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Sheffield recounts Anderson’s historic Mount Vernon concerts

Sheffield recounts Anderson’s historic Mount Vernon concerts

By Emily Sakamoto

Professor of Sociology and Legal Studies Ric Sheffield often answers a question that is asked in hushed whispers: “Are there any black people in Mount Vernon?”

Sheffield answered, unwaveringly, yes, in his lecture at common hour on Oct. 1. In his lecture, which was mostly attended by faculty and community members, Sheffield discussed the late Marian Anderson, a famed singer who performed twice in Mount Vernon in the 1930s.

Sheffield has been studying African-American history in Knox County since his arrival at Kenyon almost 25 years ago.

“That sort of sense of surprise ナ resulted in a project in the American Studies program, and we actually went out and began to sort of interview black residents,” Sheffield said.

It was that project that led Sheffield to Marian Anderson. “Some of the students discovered in a newspaper article ナ there was a black woman in the picture, and [they said], ムOh, here’s some black history,’ not realizing how significant it was,” Sheffield said. The picture was of Marian Anderson in her first Mount Vernon concert circa 1930. Anderson played two concerts in the Mount Vernon area, the first in 1930 and the second in 1939. Her second concert took place in the same year that the Daughters of the American Revolution , a prestigious women’s social society that is still operating, denied Anderson the right to sing at Washington D.C.’s Constitution Hall in front of an integrated audience. Upon hearing of the incident, First Lady Eleanor Roosevelt resigned her membership from the DAR and both the president and first lady became advocates for Anderson, resulting in her famous open-air concert on the Lincoln Memorial steps on Easter Sunday in April 1939.

But the focus of Sheffield’s essay is not on the fact that Marian Anderson played two concerts in rural, relatively unknown Mount Vernon, but that it took a community to bring Marian Anderson to Mount Vernon. Despite what many Kenyon students believe, black people do live in Knox County, and in the 1930s, during an incredibly difficult time in American history, they persevered for their goals.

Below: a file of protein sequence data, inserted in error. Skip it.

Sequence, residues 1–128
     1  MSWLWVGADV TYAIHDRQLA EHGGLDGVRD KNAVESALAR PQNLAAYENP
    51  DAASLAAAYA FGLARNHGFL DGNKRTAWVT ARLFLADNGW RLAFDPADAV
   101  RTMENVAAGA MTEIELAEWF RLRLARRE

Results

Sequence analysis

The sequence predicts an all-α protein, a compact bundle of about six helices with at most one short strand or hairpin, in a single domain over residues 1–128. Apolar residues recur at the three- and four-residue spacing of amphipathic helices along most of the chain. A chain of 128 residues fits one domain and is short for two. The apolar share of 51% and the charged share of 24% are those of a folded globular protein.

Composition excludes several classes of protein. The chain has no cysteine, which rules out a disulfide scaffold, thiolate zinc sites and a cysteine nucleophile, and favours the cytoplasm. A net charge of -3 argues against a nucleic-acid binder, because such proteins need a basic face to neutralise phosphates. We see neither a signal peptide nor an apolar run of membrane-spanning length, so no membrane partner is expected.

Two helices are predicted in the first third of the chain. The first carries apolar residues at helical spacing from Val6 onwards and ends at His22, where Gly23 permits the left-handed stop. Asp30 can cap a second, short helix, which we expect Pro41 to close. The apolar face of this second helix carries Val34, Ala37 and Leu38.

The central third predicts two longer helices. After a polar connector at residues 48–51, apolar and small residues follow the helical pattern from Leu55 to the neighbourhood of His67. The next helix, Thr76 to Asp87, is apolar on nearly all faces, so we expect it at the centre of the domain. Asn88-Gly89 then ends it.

“To be able to pull this off in 1930,” Sheffield said, “and think [about] what’s happening in the country at the time ラ the Great Depression ラ to be able to achieve this financially, they needed almost the entire community to make it succeed.”

Descendants of the original townspeople who advocated for Anderson’s visits were in the audience for Sheffield’s talk. Sheffield’s delving into this topic is even more evident considering his grandmother, Tillie Sheffield, was a gospel singer who also was brought to the stage by the Booker T. Washington Club.

Thus, the true underlying story of one diva singer’s appearance in Knox County during the 1930s isn’t the superficial fact that she was here, but the acknowledgement of the work it took to get her on that stage in the first place.

Additionally, Sheffield’s grandparents housed Anderson for her first concert in 1930, because she couldn’t find a hotel in Mount Vernon that would accommodate her.

Integration, or the lack thereof, of people of color in a predominately white American, small, rural town was “A very interesting dichotomy ナ [of] hyper-visibility and invisibility,” Sheffield said. “Hyper-visibility is when a person of color goes into a predominately white community and is the only one there ナ there is also a relative invisibility of populations of people of color in small towns.”

Marian Anderson set a revolutionary example for African Americans in rural, predominately white areas. She was a civil rights leader and a pioneer in classical music, which had previously been associated with higher social class or standing within a community. To hear of an African-American woman’s classical singing in a town like Mount Vernon was a moment of foreshadowing for what was to come in society ラ and happened as early as 1930.

With the price of a ticket to Anderson’s concert in 1930 five times the price of a loaf of bread during the Depression, the importance of community was pushed to the forefront in the minds of African Americans in Mount Vernon as they succeeded in attaining enough advance ticket sales to bring the famed Anderson in concert.

To sum up why he chose Anderson as a topic with the intention of exposing people to the rich cultural history of once-assumed homogenous Mount Vernon, Sheffield said. “This is sort of a way to reclaim and rediscover a very significant part of the history of people of color.”

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